Speaking briefly at the start of the screening, Dumont talked about watching the new Bond film on his flight into New York and made the point that the difference between his films and the Bond films is that in his films it's not always clear who is good and who is bad. While it's certainly true that Dumont's film actively avoids the characterisations of good and evil, it's also true that that idea isn't exactly new, even in Hollywood, and that Flanders makes that point so self-consciously that the very artificiality of it robs it of much of its emotional impact. With their air of isolation and their inability to articulate not only their ideas but also their feelings, Dumont's characters seem alien and unreal, and this undermines the point I suspect he is trying to make. Flanders is mesmerising to watch, combining a vividness of vision with considerable technical skill, but it is also emotionally sterile.
Easily the best film I watched last week (perhaps even the best film I've seen so far this year) was Denis Dercourt's The Page Turner. I tend to scoff at reviews that compare directors to Hitchcock, but it's a comparision this film entirely deserves.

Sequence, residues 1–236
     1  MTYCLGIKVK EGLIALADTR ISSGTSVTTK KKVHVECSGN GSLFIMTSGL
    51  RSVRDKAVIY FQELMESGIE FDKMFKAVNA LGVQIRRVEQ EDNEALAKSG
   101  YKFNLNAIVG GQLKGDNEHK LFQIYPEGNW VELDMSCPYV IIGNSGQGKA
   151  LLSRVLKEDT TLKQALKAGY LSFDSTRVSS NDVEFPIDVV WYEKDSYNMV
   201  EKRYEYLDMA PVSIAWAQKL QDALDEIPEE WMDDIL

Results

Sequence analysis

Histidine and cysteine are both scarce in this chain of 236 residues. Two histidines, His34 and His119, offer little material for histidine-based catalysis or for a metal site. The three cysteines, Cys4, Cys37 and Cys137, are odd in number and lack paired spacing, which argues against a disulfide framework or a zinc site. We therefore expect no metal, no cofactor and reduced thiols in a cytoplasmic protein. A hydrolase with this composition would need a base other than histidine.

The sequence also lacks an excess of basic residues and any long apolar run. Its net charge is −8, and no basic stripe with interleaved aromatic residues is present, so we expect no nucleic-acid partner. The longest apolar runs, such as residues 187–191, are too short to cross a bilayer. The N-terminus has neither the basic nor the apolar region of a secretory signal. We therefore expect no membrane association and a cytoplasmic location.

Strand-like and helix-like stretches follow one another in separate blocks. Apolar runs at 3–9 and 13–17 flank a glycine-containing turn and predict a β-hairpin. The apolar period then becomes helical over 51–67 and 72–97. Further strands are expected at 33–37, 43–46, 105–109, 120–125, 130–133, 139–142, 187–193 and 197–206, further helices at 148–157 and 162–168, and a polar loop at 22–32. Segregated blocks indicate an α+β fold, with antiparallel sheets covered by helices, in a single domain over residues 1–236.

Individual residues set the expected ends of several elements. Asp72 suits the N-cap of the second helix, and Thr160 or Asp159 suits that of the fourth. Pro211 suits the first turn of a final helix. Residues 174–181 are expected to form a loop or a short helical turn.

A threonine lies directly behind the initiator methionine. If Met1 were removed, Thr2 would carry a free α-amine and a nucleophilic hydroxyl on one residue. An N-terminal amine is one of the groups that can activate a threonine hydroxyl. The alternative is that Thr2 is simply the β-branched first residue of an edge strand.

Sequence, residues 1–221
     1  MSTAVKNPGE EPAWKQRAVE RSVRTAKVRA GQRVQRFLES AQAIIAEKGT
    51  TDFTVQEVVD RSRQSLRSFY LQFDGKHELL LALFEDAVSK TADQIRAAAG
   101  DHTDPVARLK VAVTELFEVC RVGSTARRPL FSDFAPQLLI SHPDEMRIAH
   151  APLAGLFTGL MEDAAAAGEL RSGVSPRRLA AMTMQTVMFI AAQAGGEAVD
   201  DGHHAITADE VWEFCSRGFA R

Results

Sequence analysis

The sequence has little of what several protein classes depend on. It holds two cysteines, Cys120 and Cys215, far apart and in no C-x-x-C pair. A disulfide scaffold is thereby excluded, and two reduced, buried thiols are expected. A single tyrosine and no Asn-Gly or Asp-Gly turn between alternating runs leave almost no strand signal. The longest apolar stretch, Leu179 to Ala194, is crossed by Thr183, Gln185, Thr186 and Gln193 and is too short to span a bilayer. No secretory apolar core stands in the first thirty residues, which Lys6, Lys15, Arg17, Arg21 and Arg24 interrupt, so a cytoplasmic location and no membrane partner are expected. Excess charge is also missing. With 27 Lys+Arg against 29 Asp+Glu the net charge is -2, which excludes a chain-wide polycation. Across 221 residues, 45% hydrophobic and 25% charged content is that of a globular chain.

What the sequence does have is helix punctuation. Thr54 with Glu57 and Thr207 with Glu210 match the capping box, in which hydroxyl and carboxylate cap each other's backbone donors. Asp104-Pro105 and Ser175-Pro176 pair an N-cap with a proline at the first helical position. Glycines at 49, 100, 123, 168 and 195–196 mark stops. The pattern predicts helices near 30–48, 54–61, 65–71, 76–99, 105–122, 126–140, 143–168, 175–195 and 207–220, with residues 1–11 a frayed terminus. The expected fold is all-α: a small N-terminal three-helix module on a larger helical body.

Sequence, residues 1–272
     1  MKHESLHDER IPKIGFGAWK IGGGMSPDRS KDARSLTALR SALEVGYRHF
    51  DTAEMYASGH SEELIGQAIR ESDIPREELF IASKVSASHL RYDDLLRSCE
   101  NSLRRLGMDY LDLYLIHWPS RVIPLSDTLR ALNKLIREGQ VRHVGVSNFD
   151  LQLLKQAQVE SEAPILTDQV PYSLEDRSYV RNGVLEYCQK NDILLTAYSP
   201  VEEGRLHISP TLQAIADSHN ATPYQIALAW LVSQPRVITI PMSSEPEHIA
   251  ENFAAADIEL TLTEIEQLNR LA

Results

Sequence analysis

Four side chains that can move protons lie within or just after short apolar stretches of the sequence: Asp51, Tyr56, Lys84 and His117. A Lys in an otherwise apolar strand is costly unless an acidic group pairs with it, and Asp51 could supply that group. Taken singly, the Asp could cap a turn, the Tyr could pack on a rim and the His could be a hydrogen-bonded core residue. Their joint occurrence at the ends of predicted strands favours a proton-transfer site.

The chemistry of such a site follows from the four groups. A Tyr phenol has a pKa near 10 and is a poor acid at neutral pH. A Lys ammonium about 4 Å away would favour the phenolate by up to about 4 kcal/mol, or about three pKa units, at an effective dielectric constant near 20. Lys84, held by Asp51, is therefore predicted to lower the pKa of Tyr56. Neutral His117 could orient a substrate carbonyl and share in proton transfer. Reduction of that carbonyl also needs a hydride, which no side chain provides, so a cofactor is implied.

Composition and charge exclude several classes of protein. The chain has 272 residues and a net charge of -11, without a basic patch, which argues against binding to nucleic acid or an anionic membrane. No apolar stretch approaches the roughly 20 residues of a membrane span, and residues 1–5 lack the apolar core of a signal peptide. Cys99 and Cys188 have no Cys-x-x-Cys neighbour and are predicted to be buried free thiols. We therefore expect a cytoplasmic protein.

The Page Turner is the story of Melanie, a young girl who, as a ten-year old, has her potential career as a pianist cut short after she fluffs an audition after she realises that the chief judge, a celebrated pianist herself, is not paying attention. Ten years later, and still seeking revenge, Melanie skilfully works her way into this pianist's trust and prepares to ruin her life. What unfolds is a tale of psychological manipulation that would have done Iago proud. Every scene in this movie is taut with suspense - the presence of Melanie (played admirably by Deborah Francois) haunts the screen like a specter, seemingly innocent but secretly ruthless, and with an intensity that could come straight out of Omen. Image after image brings premonitions of catastrophe, but the nail-biting question of what Melanie is going to do is never resolved until the very end, so that you spend the entire movie on the edge of your seat, waiting breathlessly to see what happens next. And if all that wasn't enough, there's also the music - a score consisting of Bach and Shostakovich and an air of being drowned in music in a way that connects the obsessiveness of Melanie's quest to something unforgiving in the notes itself.
So compelling are the performances in this astonishing film, so carefully crafted is the film as a whole, that you'll find yourself gasping with shock at each unexpected twist. The Page Turner is a must watch. Great suspense doesn't get more gripping than this.